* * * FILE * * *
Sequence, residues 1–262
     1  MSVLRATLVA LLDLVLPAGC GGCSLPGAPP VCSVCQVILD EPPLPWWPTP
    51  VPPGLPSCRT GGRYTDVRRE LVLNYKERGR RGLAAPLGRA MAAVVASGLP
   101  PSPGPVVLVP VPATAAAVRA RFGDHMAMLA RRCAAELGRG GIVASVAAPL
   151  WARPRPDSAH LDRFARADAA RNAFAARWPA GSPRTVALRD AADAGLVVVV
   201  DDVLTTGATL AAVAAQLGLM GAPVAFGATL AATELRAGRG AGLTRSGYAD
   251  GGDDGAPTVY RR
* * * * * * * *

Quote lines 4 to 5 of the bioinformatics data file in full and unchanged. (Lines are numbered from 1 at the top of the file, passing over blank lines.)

   101  PSPGPVVLVP VPATAAAVRA RFGDHMAMLA RRCAAELGRG GIVASVAAPL
   151  WARPRPDSAH LDRFARADAA RNAFAARWPA GSPRTVALRD AADAGLVVVV